An End to Cash Bail? California Prop 25 Explained

Will California be the first state to eliminate the cash bail system? Learn more about California Proposition 25 and how it could impact detained criminal suspects in 2021.

What is Proposition 25? 

Proposition 25 asks voters to decide whether the cash bail system should be abolished or if it should remain in place. A “yes” vote on Prop 25 will uphold the 2018 law signed by former Governor Jerry Brown prohibiting the cash bail system in the state. A “no” vote would permit the cash bail system to remain in place. If California were to uphold the ruling that bans the cash bail system, it would be the first state in the nation to do so. 

The cash bail system has been called in question because many feel that it unfairly benefits wealthy Californians, who are able to pay money to be released from jail while waiting for trial. Poor Californians who do not have access to cash must either pay a bail bond company or remain in jail until trial. 

The measure would instead utilize assessment divisions who would perform risk assessments on detained suspects, in part using an algorithm to determine their level of risk. Based on the results of the assessment, individuals would be deemed low, medium or high risk of not showing up for their court date. This information, along with the recommendations of the assessment division, would be brought before a judge who would determine whether the defendant would be released or retained. 

Schedule your free consultation today. Contact Criminal Defense Lawyer Joni Eisenstein.

History Behind Proposition 25 

Proposition 25 is considered a veto referendum. In August of 2018, former Governor Jerry Brown signed SB10 into law, which replaced the cash bail system with the risk assessment algorithm. Opponents of the law, specifically those in the bail bonds industry, obtained enough signatures to challenge SB10 and get Proposition 25 on this year’s ballot. 

Historically, when an individual is jailed after an arrest, a judge will determine the cash bail amount based on the crime, the individual’s criminal history and the perceived likelihood that the person will return for their future court dates. In most jurisdictions, there is a bail schedule that provides a framework for bail amounts based on the type of crime. Judges can adjust the bail amount up or down depending on other factors that could indicate that a person might be a flight risk. 

People with financial resources are more likely to be able to pay their cash bail out of pocket or obtain the money in some fashion. Poor individuals who are unable to post their own bail money must either remain in jail until trial or pay a bail bond company. The bail bond company posts the bail amount and adds a non-refundable fee, typically around 10 percent.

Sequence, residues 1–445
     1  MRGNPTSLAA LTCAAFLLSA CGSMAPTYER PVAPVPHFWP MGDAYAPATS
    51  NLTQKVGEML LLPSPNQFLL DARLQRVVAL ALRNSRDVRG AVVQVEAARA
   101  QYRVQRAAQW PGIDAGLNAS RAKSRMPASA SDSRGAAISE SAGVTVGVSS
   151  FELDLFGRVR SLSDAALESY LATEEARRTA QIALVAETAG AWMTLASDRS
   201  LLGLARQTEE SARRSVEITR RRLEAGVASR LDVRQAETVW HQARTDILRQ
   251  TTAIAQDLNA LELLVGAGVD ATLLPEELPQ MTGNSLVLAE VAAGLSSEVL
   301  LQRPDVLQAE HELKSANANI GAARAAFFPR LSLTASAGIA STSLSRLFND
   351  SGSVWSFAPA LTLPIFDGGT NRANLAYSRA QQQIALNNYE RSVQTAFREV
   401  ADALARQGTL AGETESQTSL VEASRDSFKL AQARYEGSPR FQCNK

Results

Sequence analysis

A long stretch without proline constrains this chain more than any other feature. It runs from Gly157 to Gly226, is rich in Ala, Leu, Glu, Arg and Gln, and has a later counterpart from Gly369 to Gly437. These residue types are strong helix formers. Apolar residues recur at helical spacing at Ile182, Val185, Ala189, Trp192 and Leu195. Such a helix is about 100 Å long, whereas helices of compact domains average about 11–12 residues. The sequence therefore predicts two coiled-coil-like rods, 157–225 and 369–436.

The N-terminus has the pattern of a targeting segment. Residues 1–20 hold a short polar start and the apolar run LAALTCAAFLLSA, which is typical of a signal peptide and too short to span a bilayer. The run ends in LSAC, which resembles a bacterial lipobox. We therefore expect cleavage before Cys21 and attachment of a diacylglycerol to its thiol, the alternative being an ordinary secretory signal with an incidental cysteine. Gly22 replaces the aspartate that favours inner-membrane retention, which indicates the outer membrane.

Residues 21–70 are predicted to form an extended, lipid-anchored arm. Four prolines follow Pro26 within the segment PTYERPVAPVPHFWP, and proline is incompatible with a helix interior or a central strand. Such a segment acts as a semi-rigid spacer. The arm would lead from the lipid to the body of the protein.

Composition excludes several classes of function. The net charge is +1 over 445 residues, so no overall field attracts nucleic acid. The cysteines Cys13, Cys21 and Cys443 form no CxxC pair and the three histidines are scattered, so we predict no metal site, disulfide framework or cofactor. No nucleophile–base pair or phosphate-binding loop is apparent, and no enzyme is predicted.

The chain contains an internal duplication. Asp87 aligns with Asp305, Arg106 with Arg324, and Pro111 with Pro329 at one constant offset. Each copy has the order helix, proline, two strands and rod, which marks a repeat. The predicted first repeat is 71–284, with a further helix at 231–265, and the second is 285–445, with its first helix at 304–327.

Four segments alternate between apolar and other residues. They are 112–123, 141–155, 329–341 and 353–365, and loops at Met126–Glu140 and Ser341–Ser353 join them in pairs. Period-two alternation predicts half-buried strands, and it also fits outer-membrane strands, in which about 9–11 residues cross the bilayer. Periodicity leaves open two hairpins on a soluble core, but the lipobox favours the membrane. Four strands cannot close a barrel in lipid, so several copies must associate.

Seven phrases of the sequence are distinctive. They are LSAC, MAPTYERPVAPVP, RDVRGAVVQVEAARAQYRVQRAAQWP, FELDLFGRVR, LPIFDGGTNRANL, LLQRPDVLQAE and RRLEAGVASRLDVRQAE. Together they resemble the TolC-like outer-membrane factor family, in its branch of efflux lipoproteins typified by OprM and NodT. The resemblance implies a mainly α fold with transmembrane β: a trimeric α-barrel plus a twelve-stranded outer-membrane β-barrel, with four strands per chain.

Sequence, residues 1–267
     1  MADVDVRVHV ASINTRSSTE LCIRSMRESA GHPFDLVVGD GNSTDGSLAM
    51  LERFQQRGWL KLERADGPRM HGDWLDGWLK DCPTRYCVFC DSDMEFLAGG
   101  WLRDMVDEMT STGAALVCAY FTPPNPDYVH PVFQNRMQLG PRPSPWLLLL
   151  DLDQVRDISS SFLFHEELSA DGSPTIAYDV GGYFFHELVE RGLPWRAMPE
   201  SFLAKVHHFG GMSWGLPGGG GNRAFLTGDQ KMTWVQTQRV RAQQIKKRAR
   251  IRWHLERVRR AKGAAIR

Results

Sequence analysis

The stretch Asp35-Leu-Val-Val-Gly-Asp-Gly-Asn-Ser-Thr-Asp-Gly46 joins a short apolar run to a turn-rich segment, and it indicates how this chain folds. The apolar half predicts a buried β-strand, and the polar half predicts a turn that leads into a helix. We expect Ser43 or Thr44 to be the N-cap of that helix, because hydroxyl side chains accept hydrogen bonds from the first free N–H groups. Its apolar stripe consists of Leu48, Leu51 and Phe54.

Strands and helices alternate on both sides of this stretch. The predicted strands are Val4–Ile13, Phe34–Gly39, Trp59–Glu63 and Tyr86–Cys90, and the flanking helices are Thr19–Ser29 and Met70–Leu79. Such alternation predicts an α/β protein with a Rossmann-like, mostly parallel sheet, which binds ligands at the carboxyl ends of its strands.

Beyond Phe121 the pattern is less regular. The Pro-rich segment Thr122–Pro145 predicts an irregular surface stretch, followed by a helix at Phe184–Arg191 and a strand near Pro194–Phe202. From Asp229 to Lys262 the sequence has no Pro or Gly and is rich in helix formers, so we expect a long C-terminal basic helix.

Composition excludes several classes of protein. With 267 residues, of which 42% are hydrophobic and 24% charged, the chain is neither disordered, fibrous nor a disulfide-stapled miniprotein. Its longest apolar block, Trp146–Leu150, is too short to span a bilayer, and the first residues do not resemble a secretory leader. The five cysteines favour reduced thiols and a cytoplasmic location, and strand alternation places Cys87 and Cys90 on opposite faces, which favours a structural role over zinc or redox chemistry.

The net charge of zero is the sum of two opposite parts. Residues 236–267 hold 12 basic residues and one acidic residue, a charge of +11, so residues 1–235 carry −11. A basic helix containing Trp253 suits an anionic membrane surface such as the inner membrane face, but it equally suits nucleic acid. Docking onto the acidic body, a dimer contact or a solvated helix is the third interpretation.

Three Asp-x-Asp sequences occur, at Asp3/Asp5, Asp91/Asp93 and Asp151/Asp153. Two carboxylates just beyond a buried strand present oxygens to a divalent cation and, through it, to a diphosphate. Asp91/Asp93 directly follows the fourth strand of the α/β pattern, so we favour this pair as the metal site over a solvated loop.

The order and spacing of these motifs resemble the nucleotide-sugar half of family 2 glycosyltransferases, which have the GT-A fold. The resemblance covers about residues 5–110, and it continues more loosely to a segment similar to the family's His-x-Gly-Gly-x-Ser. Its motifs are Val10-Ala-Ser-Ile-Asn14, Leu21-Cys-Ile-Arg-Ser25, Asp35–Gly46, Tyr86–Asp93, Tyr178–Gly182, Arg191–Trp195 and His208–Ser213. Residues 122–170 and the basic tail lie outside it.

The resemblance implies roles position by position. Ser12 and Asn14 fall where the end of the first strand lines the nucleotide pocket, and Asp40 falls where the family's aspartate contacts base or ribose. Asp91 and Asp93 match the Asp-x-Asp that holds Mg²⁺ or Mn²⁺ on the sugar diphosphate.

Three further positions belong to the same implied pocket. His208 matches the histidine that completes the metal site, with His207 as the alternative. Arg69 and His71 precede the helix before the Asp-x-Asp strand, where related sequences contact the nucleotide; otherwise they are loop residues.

Viewpoint of Supporters of Prop 25

The cash bail system is unfair. It adversely impacts people from lower economic backgrounds and minorities. Wealthy people in the same legal situation as poor people can afford to post their bond and get themselves out of jail while awaiting trial. Poor people will have to remain in jail or pay fees to bail bond companies. If jailed suspects did not have to pay bail money, they could potentially spend that money out in the community and support the economy.  

Proponents of Prop 25 include: Governor Gavin Newsom, the Democratic Party, the League of Women Voters of California, Californians for Safety and Justice, NextGen California, CA Medical Association and the CA Teachers Association. 

Viewpoint of Opponents of Prop 25

As you might expect, bail bondsmen are opposed to the measure because it would decimate their industry and shut down many family run bail bond businesses that have been in operation for many years. They argue that the new system would be no better than the existing system. They also state that the algorithm could result in more people being released who could potentially commit more crimes. 

Surprising opponents of Prop 25 include certain human rights groups who question the use of an algorithm to decide whether or not a person should be released while awaiting trial. They believe that people from low income families, people of color and minorities will still be unfairly held in jail. 

Opponents of Prop 25 include: the Republican Party of California, CA NAACP State Conference, CA Peace Officers Association, American Bail Coalition, CA Bail Agents Association, Human Rights Watch and Equal Justice Now. 

Proposition 25 in Summary 

As a criminal defense attorney in the state of California, Joni Eisenstein believes that voting “yes” for Proposition 25 in November will protect criminal defendants’ rights and allow low risk individuals to maintain their freedom while awaiting trial. If you have any questions about how Prop 25 may impact your freedom, contact the Law Office of Joni Eisenstein today for a free consultation with our experienced and reputable criminal defense attorney.  

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